The Vita Patricii was not commissioned to document the life of a fifth-century missionary but to record the legend of a twelfth-century saint. It offered a carefully crafted version of Patrick as a figure who was recognizable in both word and deed but also as one who was clothed in contemporary fashions and values and .... whose face was turned firmly towards a twelfth century present...
...The Vitae can now be recognised for the complex, carefully constructed and communicative texts that they are. Jocelin too, must be reconsidered. As an author whose movements and patronage have been shown to straddle various geo-political, ecclesiastical and cultural boundaries, he emerges from this study as a potentially significant figure for our understanding of wider British history during this period, a time which saw the increasing permeability of these borders. This is not to make an extravagant claim about Jocelin's importance but merely to bring greater attention to the work of a writer who has been undervalued for far too long.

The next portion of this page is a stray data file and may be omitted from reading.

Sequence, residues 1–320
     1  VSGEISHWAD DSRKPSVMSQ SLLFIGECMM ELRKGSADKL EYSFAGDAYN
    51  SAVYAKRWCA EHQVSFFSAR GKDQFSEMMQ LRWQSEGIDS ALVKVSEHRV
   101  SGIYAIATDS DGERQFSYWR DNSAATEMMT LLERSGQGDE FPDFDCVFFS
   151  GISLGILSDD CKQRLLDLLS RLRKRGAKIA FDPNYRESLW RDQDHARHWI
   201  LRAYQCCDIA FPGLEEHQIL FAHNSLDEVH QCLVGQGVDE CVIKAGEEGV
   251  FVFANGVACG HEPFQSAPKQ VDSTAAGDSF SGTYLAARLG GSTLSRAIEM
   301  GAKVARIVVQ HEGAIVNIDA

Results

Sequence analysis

Helen Birkett, The Saints' Lives of Jocelin of Furness: Hagiography, Patronage and Ecclesiastical Politics ( York Medieval Press, 2010), 51-2, 285.
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